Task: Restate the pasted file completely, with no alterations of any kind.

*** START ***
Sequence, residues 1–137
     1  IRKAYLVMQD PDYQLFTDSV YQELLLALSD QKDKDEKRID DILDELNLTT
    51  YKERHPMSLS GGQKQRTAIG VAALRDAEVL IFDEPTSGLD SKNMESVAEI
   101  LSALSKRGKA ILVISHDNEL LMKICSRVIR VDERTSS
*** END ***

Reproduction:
Sequence, residues 1–137
     1  IRKAYLVMQD PDYQLFTDSV YQELLLALSD QKDKDEKRID DILDELNLTT
    51  YKERHPMSLS GGQKQRTAIG VAALRDAEVL IFDEPTSGLD SKNMESVAEI
   101  LSALSKRGKA ILVISHDNEL LMKICSRVIR VDERTSS